PPI can be a challenging sector, but with changing environments and regulations, the challenges are growing. We’ve highlighted the most common PPI case handling issues here, so firms are confident that they’re working with the changes and keeping quality secure in a high-risk industry.
1. The route to competency
Becoming a PPI case handler isn’t easy. Not only do you need to have a very particular skillset, but the route to competency can be prolonged, and once they reach that stage, PPI case handlers have targets that they must consistently hit if they want to be successful in the role.
New PPI case handlers start out with classroom-based training before they’re put with a buddy handler who oversees their work and decides when they’re ready to train on practice cases. By the time the case handler is ready to work on real cases, they’ll need to be hitting a certain level of quality and productivity, delivering a specified number of cases consistently per day.
2. Getting feedback from QCs
As PPI is a fairly complex remediation exercise, firms rely on Quality Control (QCs) to analyse cases and report back with any areas that need improving. If the chain of reporting is broken at the QC end, due to reports not being delivered on time, important information won’t be received, and quality can slip.
In some cases, a firm will have their QCs working on a different site, and have reports delivered by email, which might go unnoticed. Since the QC delivers their quality reports case by case and in batches, if one particular case report is missed or not received, this can mean that PPI case handlers are unaware of any potential ongoing risk.
3. An ever-changing environment
The PPI sector is constantly evolving to meet FCA regulations, and in the last year alone, the FCA has set a deadline for all PPI cases to be received by 2019. This means that the quantity of PPI cases will dramatically increase over the next year, and case handlers will have to work to meet the growing demand.
4. Regular guidance and regulation changes
The FCA are constantly working to improve regulations, particularly surrounding PPI which is a £50billion market, and with complaints for PPI being the highest of the financial services sector, the FCA and Financial Ombudsman have been assessing cases and making changes to regulations.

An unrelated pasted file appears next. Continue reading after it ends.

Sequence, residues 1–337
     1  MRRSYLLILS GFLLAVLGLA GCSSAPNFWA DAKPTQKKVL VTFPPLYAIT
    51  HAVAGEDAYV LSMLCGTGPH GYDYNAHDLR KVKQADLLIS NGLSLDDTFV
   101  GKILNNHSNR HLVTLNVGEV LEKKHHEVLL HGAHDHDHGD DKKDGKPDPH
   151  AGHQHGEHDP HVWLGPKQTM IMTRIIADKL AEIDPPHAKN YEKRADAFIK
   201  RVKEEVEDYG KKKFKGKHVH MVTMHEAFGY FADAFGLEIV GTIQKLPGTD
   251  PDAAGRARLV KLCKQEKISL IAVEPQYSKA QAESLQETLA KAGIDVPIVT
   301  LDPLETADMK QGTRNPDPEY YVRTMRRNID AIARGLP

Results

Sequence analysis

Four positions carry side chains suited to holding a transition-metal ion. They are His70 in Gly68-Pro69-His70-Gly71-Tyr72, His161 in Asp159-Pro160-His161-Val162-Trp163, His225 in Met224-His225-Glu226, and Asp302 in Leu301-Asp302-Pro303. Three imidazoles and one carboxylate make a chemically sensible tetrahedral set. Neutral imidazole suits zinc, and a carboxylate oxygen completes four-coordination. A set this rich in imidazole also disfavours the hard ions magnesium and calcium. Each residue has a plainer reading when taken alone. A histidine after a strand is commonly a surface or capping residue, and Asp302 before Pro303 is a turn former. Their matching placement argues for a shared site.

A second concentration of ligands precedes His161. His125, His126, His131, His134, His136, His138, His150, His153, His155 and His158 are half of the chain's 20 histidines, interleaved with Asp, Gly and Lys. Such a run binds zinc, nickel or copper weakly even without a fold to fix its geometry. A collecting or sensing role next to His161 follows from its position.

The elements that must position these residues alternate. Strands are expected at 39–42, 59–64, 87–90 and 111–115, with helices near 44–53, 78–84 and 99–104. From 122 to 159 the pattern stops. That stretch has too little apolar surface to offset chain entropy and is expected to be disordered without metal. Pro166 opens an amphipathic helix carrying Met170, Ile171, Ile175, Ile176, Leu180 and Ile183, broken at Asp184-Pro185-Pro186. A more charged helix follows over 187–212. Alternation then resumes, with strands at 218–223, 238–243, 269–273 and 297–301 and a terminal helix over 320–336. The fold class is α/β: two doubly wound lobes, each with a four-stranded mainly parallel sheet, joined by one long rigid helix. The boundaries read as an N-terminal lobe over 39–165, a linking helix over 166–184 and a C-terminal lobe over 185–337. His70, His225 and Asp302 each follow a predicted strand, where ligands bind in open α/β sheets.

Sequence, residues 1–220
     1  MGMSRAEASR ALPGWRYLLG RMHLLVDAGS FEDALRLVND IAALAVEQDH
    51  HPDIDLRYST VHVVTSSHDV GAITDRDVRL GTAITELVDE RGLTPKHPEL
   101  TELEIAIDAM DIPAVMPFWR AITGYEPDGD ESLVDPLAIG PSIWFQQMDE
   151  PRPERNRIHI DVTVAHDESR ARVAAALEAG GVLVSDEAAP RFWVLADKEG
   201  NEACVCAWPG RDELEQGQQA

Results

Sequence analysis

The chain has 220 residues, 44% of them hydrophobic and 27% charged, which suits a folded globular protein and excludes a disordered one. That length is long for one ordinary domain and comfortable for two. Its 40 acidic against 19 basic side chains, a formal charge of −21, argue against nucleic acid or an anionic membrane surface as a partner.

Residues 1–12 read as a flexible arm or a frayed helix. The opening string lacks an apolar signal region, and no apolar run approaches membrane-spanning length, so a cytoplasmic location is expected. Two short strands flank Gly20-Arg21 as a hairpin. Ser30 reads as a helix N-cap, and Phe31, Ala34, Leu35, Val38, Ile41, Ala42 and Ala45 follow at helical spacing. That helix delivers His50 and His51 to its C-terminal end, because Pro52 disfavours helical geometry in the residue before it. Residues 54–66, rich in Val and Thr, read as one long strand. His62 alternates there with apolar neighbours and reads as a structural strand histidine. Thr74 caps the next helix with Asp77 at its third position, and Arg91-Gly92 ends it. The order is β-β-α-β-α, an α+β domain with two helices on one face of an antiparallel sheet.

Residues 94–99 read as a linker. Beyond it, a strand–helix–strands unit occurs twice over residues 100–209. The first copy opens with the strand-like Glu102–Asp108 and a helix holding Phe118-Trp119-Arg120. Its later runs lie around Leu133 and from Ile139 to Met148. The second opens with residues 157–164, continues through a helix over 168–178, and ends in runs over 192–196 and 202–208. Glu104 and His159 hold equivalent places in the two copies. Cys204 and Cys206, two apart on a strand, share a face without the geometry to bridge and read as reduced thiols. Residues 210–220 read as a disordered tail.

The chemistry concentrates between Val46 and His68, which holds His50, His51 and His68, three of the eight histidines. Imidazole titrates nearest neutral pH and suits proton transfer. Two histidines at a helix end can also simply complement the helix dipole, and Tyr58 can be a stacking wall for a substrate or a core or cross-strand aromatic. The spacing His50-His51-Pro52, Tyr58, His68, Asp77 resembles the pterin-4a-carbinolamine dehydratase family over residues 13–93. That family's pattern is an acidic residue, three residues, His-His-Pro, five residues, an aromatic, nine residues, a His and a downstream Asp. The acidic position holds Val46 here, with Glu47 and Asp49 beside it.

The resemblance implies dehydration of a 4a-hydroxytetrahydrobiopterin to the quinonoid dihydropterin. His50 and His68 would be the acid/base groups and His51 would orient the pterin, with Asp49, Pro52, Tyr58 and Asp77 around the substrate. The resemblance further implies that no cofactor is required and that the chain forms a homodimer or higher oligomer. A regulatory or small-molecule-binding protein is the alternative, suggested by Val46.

In particular, the Plevin case, spurred the FCA to change the rules on applying for PPI, by allowing customers to raise complaints over how much a firm made in commission on their PPI offerings. This has increased the amount of complaints and changed the way complaints are processed.
5. Internal processes changes
Due to these many external changes, PPI case handlers have had to change the way they work internally too. For example, firms have had to split their workstreams into two to cater to the new types of complaints over mis-sold PPI.
Where before, there was just one type of mis-sold PPI, for customers who feel they weren’t eligible for the type of insurance being sold, there is now the separate issue of customers who might have been eligible, but feel that the PPI commission was inflated after the publicity brought by the Plevin case.
All of this makes the job of a PPI case handler all the more difficult, and firms will have to evolve to meet the new demands. Grovelands can help support firms with sourcing skilled case handlers who are aware of these growing challenges and can help firms to overcome them.
We have also partnered with a predictive hiring software company to establish the specific skills required for a successful PPI Case Handler based on research carried out by us at the end of last year. If you manage or oversee a PPI Complaint Handling operation and would like to understand the inherent behavioural traits of high performers in greater detail, please complete your details in the form below and we’ll email you a copy.